Important Microphone Characteristics
Have you heard of output impedance?
A microphone impedance is the “AC resistance” that controls the flow of audio signals. Its role is to optimize the microphones so the mic signal can travel at its finest capacity. Impedance is measured in ohms (like resistance) and can be thought of as a type of “AC resistance” in an AC circuit.
Once the mic is connected to a preamp or audio device, the signal is passed creating a load of circuit responsible for the mic’s audio signal to move. There is two impedance required for the mic to transfer the signal properly: the Output impedance which is the normal signal across its output connection and the Load impedance: the input that creates the circuit with the microphone output.
It is from this basis that you need to pay attention to how both the regular impedance of the microphone connects to the impedance inline device or preamp.
Balanced and Phased
Balance means a steady level of output needed to deliver a less susceptible RFI (Radio Frequency Interference) pickup such as the presence of hum or noise. In a well-phrased line, the signal currents flow in opposite directions that the noise in the pair of signal wires is effectively canceled out. This cancellation offers a noise-canceling benefit provided that both signals are working.
Getting balanced audio is very important in recording or producing sound because it allows the use of long cables while reducing the mic’s propensity to external noise caused by common interference. This is not much of a problem when using short cable runs. A balanced input is preferred if longer cables are used.
Microphone sensitivity is the device’s ability to convert acoustic pressure into an electric voltage. Typically, the higher the sensitivity, the less pre-amplification may be required to achieve a useable level for the sound. Condenser microphones in general, have much higher sensitivity than dynamic microphones.
Different microphones models may produce different output levels when exposed to the same sound source. This means that some microphones are more sensitive than others and may have a higher capacity to convert acoustic pressure into an electric voltage. The mic’s sensitivity matters a lot because it is a determinant factor when choosing the right microphone for a specific need.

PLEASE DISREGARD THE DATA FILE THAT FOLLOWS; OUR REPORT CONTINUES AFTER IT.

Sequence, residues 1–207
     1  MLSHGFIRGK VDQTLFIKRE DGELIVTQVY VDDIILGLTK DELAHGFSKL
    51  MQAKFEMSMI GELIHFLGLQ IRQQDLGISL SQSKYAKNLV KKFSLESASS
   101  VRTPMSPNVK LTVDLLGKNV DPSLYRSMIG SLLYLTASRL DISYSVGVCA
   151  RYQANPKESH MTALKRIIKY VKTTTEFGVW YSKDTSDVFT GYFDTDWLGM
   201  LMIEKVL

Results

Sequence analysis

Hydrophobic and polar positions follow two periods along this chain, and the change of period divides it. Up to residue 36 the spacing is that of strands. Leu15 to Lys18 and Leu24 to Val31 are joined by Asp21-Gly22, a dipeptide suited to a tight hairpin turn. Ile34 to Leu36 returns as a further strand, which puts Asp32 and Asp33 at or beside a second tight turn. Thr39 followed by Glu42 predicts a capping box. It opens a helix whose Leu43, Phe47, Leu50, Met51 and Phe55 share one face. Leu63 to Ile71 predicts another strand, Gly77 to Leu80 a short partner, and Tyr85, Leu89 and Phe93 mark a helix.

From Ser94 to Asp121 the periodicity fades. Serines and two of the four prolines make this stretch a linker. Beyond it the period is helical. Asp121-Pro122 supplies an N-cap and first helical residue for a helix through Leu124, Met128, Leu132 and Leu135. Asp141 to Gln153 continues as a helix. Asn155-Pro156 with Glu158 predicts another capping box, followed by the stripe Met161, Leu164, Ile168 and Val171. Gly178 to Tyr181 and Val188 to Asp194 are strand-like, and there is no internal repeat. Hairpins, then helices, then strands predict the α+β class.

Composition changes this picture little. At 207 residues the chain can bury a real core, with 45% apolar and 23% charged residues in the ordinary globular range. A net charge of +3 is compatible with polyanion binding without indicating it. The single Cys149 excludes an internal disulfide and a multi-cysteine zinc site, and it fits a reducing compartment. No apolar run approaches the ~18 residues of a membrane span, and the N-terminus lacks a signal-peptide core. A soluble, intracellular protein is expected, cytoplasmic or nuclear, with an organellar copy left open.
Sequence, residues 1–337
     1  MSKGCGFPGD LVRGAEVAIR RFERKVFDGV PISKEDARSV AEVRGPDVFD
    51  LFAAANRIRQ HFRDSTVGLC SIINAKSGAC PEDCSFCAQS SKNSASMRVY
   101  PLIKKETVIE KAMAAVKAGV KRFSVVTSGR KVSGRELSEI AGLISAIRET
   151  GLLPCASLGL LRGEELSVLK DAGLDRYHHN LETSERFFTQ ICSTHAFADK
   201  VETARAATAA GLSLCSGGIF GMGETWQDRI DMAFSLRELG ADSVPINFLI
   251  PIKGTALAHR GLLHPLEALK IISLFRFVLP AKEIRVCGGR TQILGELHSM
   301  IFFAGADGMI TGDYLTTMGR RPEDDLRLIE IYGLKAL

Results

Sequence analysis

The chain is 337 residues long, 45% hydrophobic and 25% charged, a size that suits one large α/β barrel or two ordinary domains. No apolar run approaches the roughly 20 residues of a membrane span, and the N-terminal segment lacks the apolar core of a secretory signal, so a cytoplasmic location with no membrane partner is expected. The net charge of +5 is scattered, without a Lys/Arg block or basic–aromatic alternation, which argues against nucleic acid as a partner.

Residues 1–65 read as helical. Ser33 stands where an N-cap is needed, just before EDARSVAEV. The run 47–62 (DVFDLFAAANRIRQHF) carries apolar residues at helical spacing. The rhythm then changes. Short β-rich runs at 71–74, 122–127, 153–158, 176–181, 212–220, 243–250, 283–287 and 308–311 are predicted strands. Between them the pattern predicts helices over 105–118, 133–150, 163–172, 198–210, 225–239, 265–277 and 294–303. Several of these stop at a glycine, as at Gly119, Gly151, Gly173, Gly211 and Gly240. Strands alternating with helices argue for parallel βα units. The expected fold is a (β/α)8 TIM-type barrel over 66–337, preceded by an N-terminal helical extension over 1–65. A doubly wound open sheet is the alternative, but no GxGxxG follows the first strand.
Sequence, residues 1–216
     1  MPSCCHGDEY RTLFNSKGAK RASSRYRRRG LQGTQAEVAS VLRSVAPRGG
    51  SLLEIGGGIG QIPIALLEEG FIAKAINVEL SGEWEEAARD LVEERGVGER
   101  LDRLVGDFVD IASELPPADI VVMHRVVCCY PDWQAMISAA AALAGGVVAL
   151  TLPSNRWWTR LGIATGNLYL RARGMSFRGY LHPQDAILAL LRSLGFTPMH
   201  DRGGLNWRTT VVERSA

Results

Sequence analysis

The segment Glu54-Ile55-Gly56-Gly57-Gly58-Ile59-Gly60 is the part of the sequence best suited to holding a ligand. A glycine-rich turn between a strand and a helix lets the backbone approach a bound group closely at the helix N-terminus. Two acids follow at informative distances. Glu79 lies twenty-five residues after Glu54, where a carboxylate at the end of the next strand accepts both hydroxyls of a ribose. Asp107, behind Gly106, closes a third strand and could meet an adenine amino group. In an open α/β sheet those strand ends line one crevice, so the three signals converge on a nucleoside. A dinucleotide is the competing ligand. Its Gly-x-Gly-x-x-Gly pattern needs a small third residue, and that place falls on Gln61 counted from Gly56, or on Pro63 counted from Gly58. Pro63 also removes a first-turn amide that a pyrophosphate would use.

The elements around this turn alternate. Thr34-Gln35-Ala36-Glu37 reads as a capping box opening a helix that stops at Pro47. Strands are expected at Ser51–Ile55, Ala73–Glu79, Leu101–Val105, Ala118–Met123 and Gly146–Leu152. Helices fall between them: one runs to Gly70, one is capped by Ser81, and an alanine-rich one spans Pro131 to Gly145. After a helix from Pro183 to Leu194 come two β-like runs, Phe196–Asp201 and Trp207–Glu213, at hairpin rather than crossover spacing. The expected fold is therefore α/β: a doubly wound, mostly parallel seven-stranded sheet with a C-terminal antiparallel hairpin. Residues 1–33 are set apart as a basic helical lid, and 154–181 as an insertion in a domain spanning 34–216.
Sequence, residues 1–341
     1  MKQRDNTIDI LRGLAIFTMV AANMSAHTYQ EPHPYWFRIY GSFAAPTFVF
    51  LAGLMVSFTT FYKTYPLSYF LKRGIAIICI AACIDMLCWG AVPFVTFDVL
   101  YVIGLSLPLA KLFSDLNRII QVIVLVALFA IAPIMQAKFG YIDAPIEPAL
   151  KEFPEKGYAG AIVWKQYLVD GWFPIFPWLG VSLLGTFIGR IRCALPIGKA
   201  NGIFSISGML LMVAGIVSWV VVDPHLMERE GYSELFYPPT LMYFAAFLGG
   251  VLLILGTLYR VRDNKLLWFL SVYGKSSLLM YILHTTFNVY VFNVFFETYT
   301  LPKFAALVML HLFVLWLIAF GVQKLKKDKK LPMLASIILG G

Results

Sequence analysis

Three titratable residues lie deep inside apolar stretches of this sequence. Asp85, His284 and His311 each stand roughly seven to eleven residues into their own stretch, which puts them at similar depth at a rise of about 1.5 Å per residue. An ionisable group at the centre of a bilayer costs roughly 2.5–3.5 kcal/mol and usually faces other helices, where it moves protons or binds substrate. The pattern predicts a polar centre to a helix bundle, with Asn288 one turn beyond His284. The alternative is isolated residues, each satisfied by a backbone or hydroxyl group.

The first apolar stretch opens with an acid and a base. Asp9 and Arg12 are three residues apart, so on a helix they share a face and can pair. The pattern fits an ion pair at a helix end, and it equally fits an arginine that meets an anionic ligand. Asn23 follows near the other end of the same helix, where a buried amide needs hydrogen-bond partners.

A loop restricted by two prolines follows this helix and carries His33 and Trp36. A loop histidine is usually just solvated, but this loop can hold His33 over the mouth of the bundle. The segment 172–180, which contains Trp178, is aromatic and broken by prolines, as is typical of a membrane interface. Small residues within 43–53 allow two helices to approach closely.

To Sum It All
The decision of whether to use a wired or wireless microphone for a specific job is not only limited to the quality of sound. The convenience of use is as important. Note that as a teacher, you need a microphone that excellently sends your voice clearly while at the same time providing a good fit that allows you to work with ease and confidence.
Despite the fact that I many times loop or stumble over cables, I still would go for a wired device because I like the way my voice remains constant all throughout. Even if it rains or windy outside, I am confident that my students will still hear me. Since I am fond of creating Youtube videos, I like having the microphone fixed and static all throughout my recording session.
A wired mic for me combines tradition and practicality. If I have to keep moving because my job calls for it – then wireless may be a thing to consider.
Have you found the right microphone? Do you know of other ways to figure out how to decide between a wired and wireless microphone? Let us hear your voice in the comments.